A few years ago, Gabel decided to get her master's degree and teach at the local university in Tulsa.

She resides in Tulsa but plans to move back to the Hays next summer.

"I'm excited to be part of FHSU again," Gabel said. "I do think I'll miss the face-to-face interaction, but I'm looking forward to being a Tiger again."

Nancy Mai also has been added to the nursing staff.

Originally from Great Bend, she graduated from FHSU in 1983.

She discovered her passion for nursing while working as a certified nurse's assistant.

"I realized I was an adrenaline junkie," Mai said. "Even with the small amount of high-risk patients we had there, I really enjoyed it."

She decided to pursue teaching in order to give back to the community.

"I wanted to give back to the profession that has given me so much," Mai said. "For the nurses coming up behind me, to give them a legacy of what has been given to me."

In the Department of Biological Sciences, Greg Farley recently was appointed chairman, and Mitchell Greer was added as assistant professor.

Greer grew up hunting and fishing in South Dakota.

"I loved everything outdoors," he said. "That led to an interest in wildlife and game management."

He specializes in grassland ecology and range management.

Although new to Hays, he has visited the area to collect soil.

"I really like it," Greer said. "It's really nice to see it's such a connected university. Everybody knows everybody across the community."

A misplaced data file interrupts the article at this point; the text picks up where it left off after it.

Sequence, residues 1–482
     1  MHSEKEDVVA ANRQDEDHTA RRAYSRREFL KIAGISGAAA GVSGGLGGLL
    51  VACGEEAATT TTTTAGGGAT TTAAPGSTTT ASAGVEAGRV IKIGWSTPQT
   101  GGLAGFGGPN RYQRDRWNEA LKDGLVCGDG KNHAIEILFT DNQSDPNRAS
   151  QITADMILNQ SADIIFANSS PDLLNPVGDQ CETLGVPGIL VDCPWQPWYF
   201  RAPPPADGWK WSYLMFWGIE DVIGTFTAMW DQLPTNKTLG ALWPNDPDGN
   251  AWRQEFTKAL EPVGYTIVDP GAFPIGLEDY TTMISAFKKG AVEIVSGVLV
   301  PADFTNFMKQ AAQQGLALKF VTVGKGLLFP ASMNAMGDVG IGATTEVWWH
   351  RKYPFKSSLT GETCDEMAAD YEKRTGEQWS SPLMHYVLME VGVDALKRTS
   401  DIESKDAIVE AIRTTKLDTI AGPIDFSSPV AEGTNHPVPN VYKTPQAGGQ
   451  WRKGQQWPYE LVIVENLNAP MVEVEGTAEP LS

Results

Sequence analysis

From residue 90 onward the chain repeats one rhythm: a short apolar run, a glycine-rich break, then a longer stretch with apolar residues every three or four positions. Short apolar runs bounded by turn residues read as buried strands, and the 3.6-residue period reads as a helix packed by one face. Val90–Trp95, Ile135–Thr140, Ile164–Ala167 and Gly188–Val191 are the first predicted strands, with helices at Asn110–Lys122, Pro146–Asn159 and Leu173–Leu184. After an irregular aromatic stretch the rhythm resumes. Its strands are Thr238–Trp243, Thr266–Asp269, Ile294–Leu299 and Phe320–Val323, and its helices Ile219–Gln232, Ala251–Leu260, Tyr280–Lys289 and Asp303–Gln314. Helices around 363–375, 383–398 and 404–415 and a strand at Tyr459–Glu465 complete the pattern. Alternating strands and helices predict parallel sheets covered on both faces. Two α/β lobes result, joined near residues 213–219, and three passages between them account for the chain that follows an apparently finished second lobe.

Greer chose FHSU due to the job description. He is able to focus on research as well as teaching.

"It's a good fit for me," he said. "I like research, but a lot of the big universities are more concerned with research, and you don't have as large of a teaching load. I like that this is a teaching-based university where teaching comes first."

The Department of Informatics has seen several changes in the last few months. The Center for Networked Learning has been completed, and Melissa Hunsicker-Walburn was appointed chairwoman.

Dmitry Gimon was added to the faculty as an assistant professor of informatics, specializing in management information systems, Web development and software programming.

"I started learning how to program when I was 12," Gimon said. "I was curious and admired the technologies. In college, I was looking for something having to do with computer science, but more applied. I wasn't interested in theoretical computer science. I wanted to do something that would have a real world impact right away."

Originally from Russia, he moved to the U.S. less than a year ago. He spent a year in North Carolina working for a company specializing in cloud storage.

"I was very interested in Hays," Gimon said. "I knew nothing about Kansas. Everything was very new. I liked the way the town looks, the architecture, churches. The people are very friendly and open."

This is his first faculty position after finishing his post-doctoral program in Canada.

"The combination of research and work experience made me think it would be a good fit," Gimon said. "I still believe it was the right choice."